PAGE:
WAGR S class
|WAGR S class|
Details of Design
The S class locomotives were built with a 4-8-2 wheel arrangement, a configuration commonly used in Australia for heavy goods locomotives, smaller driving wheels giving increased tractive effort at the cost of reduced speed.
In the 1920s and 1930s the West Australian rail system was thoroughly run down. The vast majority of locomotives were well past their useful service life and many were badly in need of repairs. The P and Pr classes had helped alleviate pressure on aging passenger locomotives when introduced in 1924 and 1938 respectively, but more powerful machines were needed with an order for 10 authorised.
The first three were built in 1943, with the remaining seven deferred while Midland Railway Workshops completed its order for 10 Australian Standard Garratts for the Commonwealth Land Transport Board. A further two were completed in 1945, with the remaining five deferred again until 1947 while the Dm and Dd classes were built.
The class was initially intended for service on both passenger and goods services on the Eastern Goldfields Railway between Perth and Kalgoorlie, though following World War II it worked primarily on the South Western Railway. After suffering from a range of early problems (which led to controversy involving the designer Frederick Mills), the class became highly popular and was very successful.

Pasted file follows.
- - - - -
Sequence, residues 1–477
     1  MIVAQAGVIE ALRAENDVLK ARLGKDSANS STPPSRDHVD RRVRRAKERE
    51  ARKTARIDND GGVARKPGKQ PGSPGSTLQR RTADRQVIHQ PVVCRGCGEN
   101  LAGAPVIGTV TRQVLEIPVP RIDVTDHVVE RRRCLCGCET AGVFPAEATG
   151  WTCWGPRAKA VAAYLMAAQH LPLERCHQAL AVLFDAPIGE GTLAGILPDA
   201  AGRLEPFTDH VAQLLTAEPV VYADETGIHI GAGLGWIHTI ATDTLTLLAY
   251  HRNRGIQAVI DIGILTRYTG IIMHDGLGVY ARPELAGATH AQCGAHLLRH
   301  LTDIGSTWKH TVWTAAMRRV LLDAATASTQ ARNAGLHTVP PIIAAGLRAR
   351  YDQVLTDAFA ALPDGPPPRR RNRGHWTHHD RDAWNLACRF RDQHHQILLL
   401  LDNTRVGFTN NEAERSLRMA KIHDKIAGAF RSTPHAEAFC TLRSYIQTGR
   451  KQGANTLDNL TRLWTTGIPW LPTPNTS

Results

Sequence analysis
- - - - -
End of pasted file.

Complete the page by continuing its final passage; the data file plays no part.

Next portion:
The locomotives were given running-board nameplates and were named after Western Australian mountains, following the tradition established five years earlier with the Pr class, which were named after Western Australian rivers. The locomotives were fitted with steam brakes, the tenders with vacuum brakes. All were fitted with semi-streamlining cowling over the entire length of their tops although this was later removed. The tenders were rebuilt reducing their coal capacity from nine to seven tonnes while increasing their water capacity from 15,900 to 22,700 litres.
Most were condemned in 1971, with S549 operating the last WAGR steam hauled freight service on 24 December 1971.
- S542 Bakewell is plinthed at East Perth Terminal, once the site of the East Perth Locomotive Depot
- S547 Lindsay is preserved on the Bellarine Railway in Victoria
- S549 Greenmount is preserved by Rail Heritage WA, restored to working order in 1995
The numbers, names and periods in service of each member of the S class were as follows:
- Gunzburg 1984, p. 117.
- Finlayson, Don (1986). Steam Around Perth. Perth: Australian Railway Historical Society WA Division. p. 50. ISBN 0959969047.
- Turner, Jim (1997). Australian Steam Locomotives 1896-1958. Kenthurst: Kangaroo Press. p. 126. ISBN 086417778X.
- Oberg, Leon (2010). Locomotives of Australia 1850s-2010. Dural: Rosenberg Publishing. pp. 223–224. ISBN 9781921719011.
- Whiteford, David; De Bruin, Charles; Watson, Lindsay; Watson, Neville (1983). Western Australian Preserved Locomotives. Elizabeth: Railmac Publications. p. 16. ISBN 0 949817 19 8.
- McNicol, Steve (1994). WAGR Steam Locomotives in Preservation. Elizabeth: Railmac Publications. ISBN 9780949817976.
- Locomotives Archived 2017-05-25 at the Wayback Machine Bellarine Railway
- Gunzburg 1984, p. 119.
- East Perth Bakewell Locomotive Remediation Public Transport Authority
- S547 Australian Steam
- Gunzburg, Adrian (1968). WAGR Locomotives 1940–1968. Perth: Australian Railway Historical Society (Western Australian Division). pp. 7–9, 47. OCLC 219836193.
- Gunzburg, Adrian (1984). A History of WAGR Steam Locomotives. Perth: Australian Railway Historical Society (Western Australian Division). ISBN 0959969039.
Media related to WAGR S class at Wikimedia Commons